Shots - Health Blog
11:39 am
Tue August 9, 2011

In Nigeria, Selling Men On Birth Control Is An Uphill Battle

Abubakar Rigasa, a peer educator, discusses family planning options with a group of men in Kaduna State, Nigeria.
Courtesy of PSI

Nigeria is a crowded place — it's the most populous nation in Africa, with about 155 million people. That huge population is a concern, and in the past 20 years, the birth rate has barely changed, according to the country's National Population Commission, with the average woman giving birth to five kids in 2010.

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The Two-Way
11:34 am
Tue August 9, 2011

Obama Arrives At Dover AFB To Pay His Respects To Fallen Troops

Originally published on Tue August 9, 2011 11:53 am

President Obama arrived unannounced at Dover Air Force base in Delaware, today. He was there to pay his respects to the 30 troops killed in Afghanistan over the weekend. The remains of the servicemen were brought home by two transport planes.

NPR's Ari Shapiro, who is traveling with the president, has this report:

The Chinook helicopter crash was the deadliest single incident for U.S. forces in Afghanistan since the war began a decade ago. 30 Americans were killed, almost two dozen of them Navy SEALS.

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The Two-Way
11:02 am
Tue August 9, 2011

In Wake Of Two Triathletes' Deaths, NYC Event May See Changes

Triathletes begin the 1,500-meter swim (just under 1 mile) in the Hudson River as part of last year's New York City Triathlon. Two race participants died during this year's swim portion.
Dario Cantatore Getty Images

The New York City Triathlon was the scene for an unprecedented tragedy Sunday, is considering changes to its screening process, after two competitors died during Sunday's race. Both Michael Kudryk, 64, and Amy Martich, 40, died during the swim portion of the event.

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The Two-Way
10:27 am
Tue August 9, 2011

Polygamist Leader Warren Jeffs Sentenced To Life In Prison

A jury has sentenced polygamist leader Warren Jeffs to life in prison. The AP reports from San Angelo, Texas:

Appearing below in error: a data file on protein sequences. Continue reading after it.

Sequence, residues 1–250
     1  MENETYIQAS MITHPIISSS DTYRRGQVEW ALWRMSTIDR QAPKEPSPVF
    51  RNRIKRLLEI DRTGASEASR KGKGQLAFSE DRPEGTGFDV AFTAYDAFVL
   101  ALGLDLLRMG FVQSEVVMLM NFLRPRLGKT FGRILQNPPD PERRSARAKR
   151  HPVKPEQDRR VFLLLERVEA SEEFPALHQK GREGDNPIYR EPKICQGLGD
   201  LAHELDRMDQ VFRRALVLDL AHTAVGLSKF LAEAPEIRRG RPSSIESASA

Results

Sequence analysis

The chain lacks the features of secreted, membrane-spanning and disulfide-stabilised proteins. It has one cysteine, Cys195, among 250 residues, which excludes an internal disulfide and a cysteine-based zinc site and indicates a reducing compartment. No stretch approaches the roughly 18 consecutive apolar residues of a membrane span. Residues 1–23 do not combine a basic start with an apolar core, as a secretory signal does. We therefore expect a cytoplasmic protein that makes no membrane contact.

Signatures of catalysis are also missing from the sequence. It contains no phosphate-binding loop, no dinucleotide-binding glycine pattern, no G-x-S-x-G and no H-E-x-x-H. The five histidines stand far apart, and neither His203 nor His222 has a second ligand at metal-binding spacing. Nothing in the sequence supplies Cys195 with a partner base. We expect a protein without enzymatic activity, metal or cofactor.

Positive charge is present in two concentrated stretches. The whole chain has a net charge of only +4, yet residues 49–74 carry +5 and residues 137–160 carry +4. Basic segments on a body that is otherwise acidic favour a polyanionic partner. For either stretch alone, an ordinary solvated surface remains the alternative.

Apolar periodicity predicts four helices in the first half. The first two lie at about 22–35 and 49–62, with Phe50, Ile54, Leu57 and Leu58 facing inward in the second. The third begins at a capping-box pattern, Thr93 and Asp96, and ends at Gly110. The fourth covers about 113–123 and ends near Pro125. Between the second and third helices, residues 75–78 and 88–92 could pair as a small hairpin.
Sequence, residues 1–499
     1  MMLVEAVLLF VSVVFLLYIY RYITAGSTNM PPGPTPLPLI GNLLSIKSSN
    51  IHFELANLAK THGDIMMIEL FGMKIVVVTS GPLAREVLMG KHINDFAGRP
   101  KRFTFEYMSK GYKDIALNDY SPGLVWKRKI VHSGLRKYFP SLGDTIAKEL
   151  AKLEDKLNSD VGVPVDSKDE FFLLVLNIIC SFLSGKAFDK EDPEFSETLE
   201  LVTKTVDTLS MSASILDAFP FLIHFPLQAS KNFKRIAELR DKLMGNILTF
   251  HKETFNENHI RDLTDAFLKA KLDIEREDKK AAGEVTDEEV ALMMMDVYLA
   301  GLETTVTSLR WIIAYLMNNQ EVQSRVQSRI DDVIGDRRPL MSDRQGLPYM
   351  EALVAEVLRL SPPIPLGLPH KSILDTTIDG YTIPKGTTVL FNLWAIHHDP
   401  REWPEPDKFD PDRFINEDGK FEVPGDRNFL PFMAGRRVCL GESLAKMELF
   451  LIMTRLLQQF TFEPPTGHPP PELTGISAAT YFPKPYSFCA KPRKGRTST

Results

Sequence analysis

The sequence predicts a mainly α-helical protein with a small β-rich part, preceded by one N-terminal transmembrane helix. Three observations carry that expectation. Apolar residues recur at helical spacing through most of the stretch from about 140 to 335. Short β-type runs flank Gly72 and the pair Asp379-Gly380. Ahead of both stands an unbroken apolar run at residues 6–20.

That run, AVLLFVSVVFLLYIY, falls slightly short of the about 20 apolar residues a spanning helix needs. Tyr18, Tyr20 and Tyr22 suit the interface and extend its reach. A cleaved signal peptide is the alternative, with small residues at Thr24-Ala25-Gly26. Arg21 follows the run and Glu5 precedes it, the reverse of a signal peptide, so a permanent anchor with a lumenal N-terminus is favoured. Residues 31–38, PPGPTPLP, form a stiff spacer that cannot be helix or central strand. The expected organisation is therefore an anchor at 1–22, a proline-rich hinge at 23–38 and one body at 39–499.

The head of the Fundamentalist Church of Jesus Christ of Latter Day Saints stood quietly as the decision of the Texas jury was read Tuesday. He received the maximum sentence on both counts.

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Your Money
10:00 am
Tue August 9, 2011

Protecting Your Money Amid U.S. Credit Downgrade

Dow Jones dropped more than 600 points Monday, and Wall Street's nerves are shaken by the risk of another recession. So what should ordinary Americans do with their stocks now, and what does the downgrade mean for savers, borrowers, retirees and job seekers? Guest host Allison Keyes speaks with NPR Senior Business Editor Marilyn Geewax and Wall Street Journal Economics Reporter Sudeep Reddy.

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The Two-Way
9:52 am
Tue August 9, 2011

A College Professor Wants To Name A Mountain Peak After John Denver

FILE - In this May 13, 2004 file photo, clouds swirl around Mount Sopris as the peak hangs over a subdivision south of Glenwood Springs, Colo. A movement to name a Colorado mountain peak after the late John Denver has hit a snag.
David Zalubowski ASSOCIATED PRESS

A college professor says she has collected a couple of thousand signatures to name the eastern peak of Mount Sopris after musician John Denver. The would mean the second peak of Sopris, which sits at the northwest end of the Elk Mountains in western Colorado, would be known as "John Denver Peak."

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Opinion
8:40 am
Tue August 9, 2011

The Nation: Gettin' Ready For Wisconsin Recalls

A voter in Glendale, Wis., casts a ballot in a Democratic primary on Thursday, July 12, 2011, as part of recall efforts against Republican state Sen. Alberta Darling. Darling is one of six Republican state senators being targeted for recall for supporting Republican Gov. Scott Walker's budget-repair bill this winter. The recall election is Tuesday, Aug. 9, 2011.
Dinesh Ramde AP

John Nichols, a pioneering political blogger, has written the Beat since 1999.

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Opinion
8:40 am
Tue August 9, 2011

Weekly Standard: The Reality Of The Recall

Republican Wisconsin Sens. Luther Olsen and Shelia Harsdorf leave the Senate chambers Wednesday, March 9, 2011, after Republicans in the Wisconsin Senate voted to strip nearly all collective bargaining rights from public workers after discovering a way to bypass the chamber's missing Democrats. On Tuesday Wisconsin will hold recall elections for state senators.
Andy Manis AP

John McCormack is a staff writer for The Weekly Standard.

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The Two-Way
7:54 am
Tue August 9, 2011

Alan Simpson: If Lawmakers Can't Compromise, They Should 'Go Home'

Former Sen. Alan Simpson spoke to NPR's Steve Inskeep this morning and the conversation was wide-ranging and spirited, but one thing was crystal clear: Simpson, who served as a Republican senator from Wyoming, was not happy about the Congressional "horror show" that lead to Standard & Poor's downgrade of U.S. debt.

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Since he joined NPR in 2000, Knox has covered a broad range of issues and events in public health, medicine, and science. His reports can be heard on NPR's Morning Edition, All Things Considered, Weekend Edition, Talk of the Nation, and newscasts.

Among other things, Knox's NPR reports have examined the impact of HIV/AIDS in Africa, North America, and the Caribbean; anthrax terrorism; smallpox and other bioterrorism preparedness issues; the rising cost of medical care; early detection of lung cancer; community caregiving; music and the brain; and the SARS epidemic.

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